Vulnerable: Windows 2000, XP, 2003 - 32-bit & 64-bit - (DirectX 7-9.0c)
Not Vulnerable: Windows Vista/2008/7 - DirectX 10 removed the problem code.
Note: You do not need to have QuickTime player installed to be vulnerable.
At the time of this posting, a patch was not yet available, but the KB Article does have a few work arounds. Below are links to Microsoft's Easy "Fix-It for me" links that will enable and disable (when the patch is available and installed) the workaround.
[SIZE="3"] Frequently Asked Questions [/SIZE][/B]
What is the scope of the advisory?
Microsoft is aware of a new vulnerability report affecting DirectX, a component of Microsoft Windows. This affects the software that is listed in the “Overview” section.
Is this a security vulnerability that requires Microsoft to issue a security update?
Microsoft is currently working to develop a security update for Windows to address this vulnerability. Microsoft will release the security update once it has reached an appropriate level of quality for broad distribution.
What causes this threat?
A remote code execution vulnerability exists in the way Microsoft DirectShow handles supported QuickTime format files. This vulnerability could allow code execution if a user opened a specially crafted QuickTime media file. If a user is logged on with administrative user rights, an attacker who successfully exploited this vulnerability could take complete control of an affected system. An attacker could then install programs; view, change, or delete data; or create new accounts with full user rights. Users whose accounts are configured to have fewer user rights on the system could be less impacted than users who operate with administrative user rights.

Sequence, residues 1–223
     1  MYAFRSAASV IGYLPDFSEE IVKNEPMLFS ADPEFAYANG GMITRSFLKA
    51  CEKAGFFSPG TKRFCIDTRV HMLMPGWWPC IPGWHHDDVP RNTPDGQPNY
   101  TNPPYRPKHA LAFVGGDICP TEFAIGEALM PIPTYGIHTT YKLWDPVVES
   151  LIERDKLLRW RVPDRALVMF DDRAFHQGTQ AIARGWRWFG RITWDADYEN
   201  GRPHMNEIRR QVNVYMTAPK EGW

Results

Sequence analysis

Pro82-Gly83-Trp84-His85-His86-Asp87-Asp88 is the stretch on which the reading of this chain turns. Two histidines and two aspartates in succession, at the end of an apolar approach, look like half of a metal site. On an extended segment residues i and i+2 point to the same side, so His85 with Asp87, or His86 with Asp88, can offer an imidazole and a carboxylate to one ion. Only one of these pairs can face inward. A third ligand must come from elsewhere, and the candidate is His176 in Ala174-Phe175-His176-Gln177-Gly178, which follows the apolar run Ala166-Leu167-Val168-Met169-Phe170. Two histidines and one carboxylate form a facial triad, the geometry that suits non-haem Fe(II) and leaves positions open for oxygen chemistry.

What is DirectX?
Microsoft DirectX is a feature of the Windows operating system. It is used for streaming media on Microsoft Windows operating systems to enable graphics and sound when playing games or watching video.
What is DirectShow?
DirectX consists of a set of low-level Application Programming Interfaces (APIs) used by Windows programs for multimedia support. Within DirectX, the DirectShow technology performs client-side audio and video sourcing, manipulation and rendering.
Microsoft DirectShow is used for streaming media on Microsoft Windows operating systems. DirectShow is used for high-quality capture and playback of multimedia streams. It automatically detects and uses video and audio acceleration hardware when available, but also supports systems without acceleration hardware. DirectShow is also integrated with other DirectX technologies. Some examples of applications that you can create using DirectShow include DVD players, video editing applications, AVI to ASF converters, MP3 players, and digital video capture applications.
What is the QuickTime Movie Parser Filter?
The QuickTime Movie Parser filter splits Apple QuickTime data into audio and video streams. It supports QuickTime 2.0 and earlier. The input pin connects to a source filter such as the Async File Source filter or the URL File Source filter. The Parser uses the AVI Decompressor or QT Decompressor filter to decompress QuickTime files. The filter creates one output pin for the video stream and one output pin for the audio stream. For more information, see QuickTime Movie Parser Filter.
This component has been removed from Windows Vista and later operating systems. It is available for use in the Microsoft Windows 2000, Windows XP, and Windows Server 2003 operating systems.
What might an attacker use this function to do?
If a user is logged on with administrative user rights, an attacker who successfully exploited this vulnerability could take complete control of an affected system. An attacker could then install programs; view, change, or delete data; or create new accounts with full user rights.
Microsoft's Security Response Center Blog
Microsoft Security Advisory (971778)
Vulnerability in Microsoft DirectShow Could Allow Remote Code Execution
CVE Reference: CVE-2009-1537